|“I thought we wuz number one!”
The annals of history are replete with accounts of great civilizations that were prominent for a while, and then they slipped into relative obscurity. Notable are the Roman and the Ottoman Empires. Many remember when fairly recently Britannia ruled the waves.
There are also numerous other civilizations that once flourished and are now hardly remembered. Timbuktu in Mali was an intellectual and spiritual center in central Africa until the 15th and 16th century. The world’s first university was established there, according to reports. In even earlier centuries, the valley between the Tigris and Euphrates Rivers in Iraq has been identified as the home of human civilization.
Those once powerful colonial empires as well as the centers for human development are no longer of special significance. How and why does such deterioration occur?
The late British historian Arnold Toynbee developed a thesis that every civilization eventually faces a potentially destructive challenge. Whether the civilization survives and thrives depends upon the response to that challenge. Environmental, military or economic challenges, when not adequately resolved, can ultimately destroy a civilization.
Edward Gibbon’s classic “The History of the Decline and Fall of the Roman Empire” describes the challenges confronted by Rome. Toynbee’s monumental “A Study of History” shows how the challenges faced by several other civilizations either strengthened them or led to their demise. The story of the United States is yet to be written.
There is general agreement that world economic leadership in the future will depend on technological innovation. To compete in this realm, a country’s citizens must be well educated in math and science. According to a recent study sponsored by Education Next and Harvard University’s Program on Education Policy and Governance, only 11 percent of Massachusetts high school students graduated with advanced math skills. More than twice as many students from Taiwan, Hong Kong and South Korea did so.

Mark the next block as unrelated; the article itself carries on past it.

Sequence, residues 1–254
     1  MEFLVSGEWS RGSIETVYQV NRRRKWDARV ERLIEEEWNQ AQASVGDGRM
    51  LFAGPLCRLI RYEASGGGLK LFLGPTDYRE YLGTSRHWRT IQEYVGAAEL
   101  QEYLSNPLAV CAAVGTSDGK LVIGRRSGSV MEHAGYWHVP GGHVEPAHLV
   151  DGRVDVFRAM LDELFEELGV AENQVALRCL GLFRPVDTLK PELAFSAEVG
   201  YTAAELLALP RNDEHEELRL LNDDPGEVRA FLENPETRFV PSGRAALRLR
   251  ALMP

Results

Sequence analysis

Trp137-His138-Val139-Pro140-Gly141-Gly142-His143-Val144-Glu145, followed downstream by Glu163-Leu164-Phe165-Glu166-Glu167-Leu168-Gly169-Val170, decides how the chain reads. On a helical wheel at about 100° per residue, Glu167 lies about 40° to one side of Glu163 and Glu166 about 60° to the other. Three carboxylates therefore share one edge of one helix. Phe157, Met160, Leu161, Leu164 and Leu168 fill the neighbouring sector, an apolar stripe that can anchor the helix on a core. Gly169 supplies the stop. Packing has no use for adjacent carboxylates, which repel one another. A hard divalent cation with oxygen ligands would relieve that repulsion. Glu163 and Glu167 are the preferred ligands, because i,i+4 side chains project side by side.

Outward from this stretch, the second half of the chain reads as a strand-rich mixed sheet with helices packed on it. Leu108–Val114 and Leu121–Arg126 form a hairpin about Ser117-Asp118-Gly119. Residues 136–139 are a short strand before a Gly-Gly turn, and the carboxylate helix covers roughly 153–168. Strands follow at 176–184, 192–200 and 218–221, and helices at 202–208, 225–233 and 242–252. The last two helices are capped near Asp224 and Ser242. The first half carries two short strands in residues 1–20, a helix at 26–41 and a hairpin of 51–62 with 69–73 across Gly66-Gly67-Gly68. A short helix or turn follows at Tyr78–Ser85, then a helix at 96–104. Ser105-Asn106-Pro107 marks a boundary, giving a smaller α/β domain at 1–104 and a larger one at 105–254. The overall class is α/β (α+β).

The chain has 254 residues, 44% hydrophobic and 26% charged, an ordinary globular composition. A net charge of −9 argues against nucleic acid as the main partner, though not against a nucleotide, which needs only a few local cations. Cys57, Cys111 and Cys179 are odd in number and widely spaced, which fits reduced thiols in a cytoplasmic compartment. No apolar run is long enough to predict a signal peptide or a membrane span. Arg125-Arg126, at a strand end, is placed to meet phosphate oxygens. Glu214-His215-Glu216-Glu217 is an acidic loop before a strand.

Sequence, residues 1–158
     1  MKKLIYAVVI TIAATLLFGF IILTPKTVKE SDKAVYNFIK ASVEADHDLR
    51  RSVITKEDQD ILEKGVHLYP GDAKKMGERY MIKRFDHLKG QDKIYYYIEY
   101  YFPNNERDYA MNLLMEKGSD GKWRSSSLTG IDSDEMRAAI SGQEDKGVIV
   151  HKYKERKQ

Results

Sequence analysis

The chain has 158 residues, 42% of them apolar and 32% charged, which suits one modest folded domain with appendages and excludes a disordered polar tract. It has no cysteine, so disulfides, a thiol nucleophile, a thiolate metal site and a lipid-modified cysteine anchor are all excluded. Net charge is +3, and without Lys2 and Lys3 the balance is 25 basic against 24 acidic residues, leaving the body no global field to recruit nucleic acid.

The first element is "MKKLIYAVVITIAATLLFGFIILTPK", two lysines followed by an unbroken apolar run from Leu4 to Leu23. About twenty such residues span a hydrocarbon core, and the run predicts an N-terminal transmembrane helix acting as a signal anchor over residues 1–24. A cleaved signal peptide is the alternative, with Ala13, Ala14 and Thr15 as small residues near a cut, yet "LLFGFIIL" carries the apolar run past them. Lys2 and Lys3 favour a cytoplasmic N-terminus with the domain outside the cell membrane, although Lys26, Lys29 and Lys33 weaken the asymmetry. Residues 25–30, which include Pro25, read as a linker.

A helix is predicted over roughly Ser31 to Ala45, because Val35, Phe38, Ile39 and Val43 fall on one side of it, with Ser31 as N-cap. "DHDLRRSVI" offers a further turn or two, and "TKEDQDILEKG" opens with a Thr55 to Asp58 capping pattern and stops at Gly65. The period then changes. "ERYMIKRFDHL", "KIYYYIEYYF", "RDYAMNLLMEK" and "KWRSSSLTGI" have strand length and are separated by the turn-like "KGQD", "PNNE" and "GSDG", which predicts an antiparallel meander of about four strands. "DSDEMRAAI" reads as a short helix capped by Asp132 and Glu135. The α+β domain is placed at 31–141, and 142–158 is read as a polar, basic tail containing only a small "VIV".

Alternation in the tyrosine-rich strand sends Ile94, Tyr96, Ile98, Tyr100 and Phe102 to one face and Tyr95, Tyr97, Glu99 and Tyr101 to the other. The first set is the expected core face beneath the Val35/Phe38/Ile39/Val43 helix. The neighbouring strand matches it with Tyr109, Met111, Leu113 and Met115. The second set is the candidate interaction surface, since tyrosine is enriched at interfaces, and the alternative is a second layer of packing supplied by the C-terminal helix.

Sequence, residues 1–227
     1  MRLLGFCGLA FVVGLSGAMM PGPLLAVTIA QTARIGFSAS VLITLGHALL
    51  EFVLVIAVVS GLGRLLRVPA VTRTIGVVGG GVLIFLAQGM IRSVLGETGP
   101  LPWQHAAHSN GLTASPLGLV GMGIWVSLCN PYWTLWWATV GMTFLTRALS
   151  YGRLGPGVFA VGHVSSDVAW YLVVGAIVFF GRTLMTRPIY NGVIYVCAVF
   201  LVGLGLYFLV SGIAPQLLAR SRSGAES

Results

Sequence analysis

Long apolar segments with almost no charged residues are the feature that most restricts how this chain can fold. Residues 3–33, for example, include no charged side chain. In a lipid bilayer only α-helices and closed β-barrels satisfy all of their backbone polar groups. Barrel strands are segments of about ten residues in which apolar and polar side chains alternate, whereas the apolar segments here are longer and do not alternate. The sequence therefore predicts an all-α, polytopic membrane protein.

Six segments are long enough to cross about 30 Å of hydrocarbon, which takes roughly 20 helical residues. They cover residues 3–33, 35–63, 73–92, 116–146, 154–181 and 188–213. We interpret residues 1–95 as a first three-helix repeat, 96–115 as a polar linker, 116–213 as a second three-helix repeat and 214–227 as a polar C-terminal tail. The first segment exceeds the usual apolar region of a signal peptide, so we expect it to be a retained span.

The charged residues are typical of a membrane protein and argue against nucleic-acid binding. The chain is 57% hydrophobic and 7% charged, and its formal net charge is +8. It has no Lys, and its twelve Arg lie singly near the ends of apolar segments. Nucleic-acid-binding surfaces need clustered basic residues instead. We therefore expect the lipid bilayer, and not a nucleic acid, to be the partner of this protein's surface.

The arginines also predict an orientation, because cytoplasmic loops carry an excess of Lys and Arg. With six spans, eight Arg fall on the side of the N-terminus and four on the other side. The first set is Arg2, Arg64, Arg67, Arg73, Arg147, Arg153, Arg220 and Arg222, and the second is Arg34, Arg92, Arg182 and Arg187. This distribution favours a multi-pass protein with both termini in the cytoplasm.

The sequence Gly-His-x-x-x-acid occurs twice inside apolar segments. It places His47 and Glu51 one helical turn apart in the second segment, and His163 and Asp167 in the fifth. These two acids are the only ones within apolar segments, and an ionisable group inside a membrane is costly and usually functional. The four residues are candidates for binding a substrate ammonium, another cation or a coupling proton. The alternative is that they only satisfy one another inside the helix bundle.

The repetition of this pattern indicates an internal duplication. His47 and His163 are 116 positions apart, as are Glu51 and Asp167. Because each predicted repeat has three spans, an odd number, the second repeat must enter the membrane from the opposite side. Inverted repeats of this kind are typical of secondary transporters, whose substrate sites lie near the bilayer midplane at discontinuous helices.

The national results are even more distressing. The U.S. ranks 31 among 56 countries in a test of advanced math skills. Only 6 percent of U.S. students achieved that level compared with 28 percent of Taiwanese students.
A recent report by the Council of the Great City Schools indicates that the U.S. math deficiency is not likely to improve. Only 12 percent of black eighth-grade boys are proficient in math, compared with 44 percent of white boys in the same grade. What is even worse, black boys from financially well off homes are not doing better than white boys who are poor, and the percentage of minorities in the student age population is growing.
Demographic projections indicate that the problem will become worse if it’s not remedied. For the first time, census data indicate that in 2010 more minority babies will be born in the U.S. than white babies. It is now believed that the majority population of the country will be so-called minorities by 2042.
Clearly, education reform must be a major national priority. The U.S. will need a very highly educated population to compete in the technological global economy. But it is also important for African Americans to recognize that there are also some aspects of the black culture that are not helpful to academic success. Blacks are no longer merely impotent victims of racial discrimination, and they must assume some responsibility for their own failures as well as their successes.
Why are 72 percent of black children born to unwed mothers? Do parents read to their children and require them to do their homework? Why is such a high level of youth violence tolerated? Why do so many blacks refuse to learn standard English? Why do many black boys wear hairstyles usually found only among African women? Why do so many black boys dress like criminals and gang members? What has happened to the respect for one another that once was common?
Indeed, the quality of public education must improve; but African Americans must also modify the dysfunctional aspects of their culture lest they condemn future generations to be merely “hewers of wood and drawers of water.”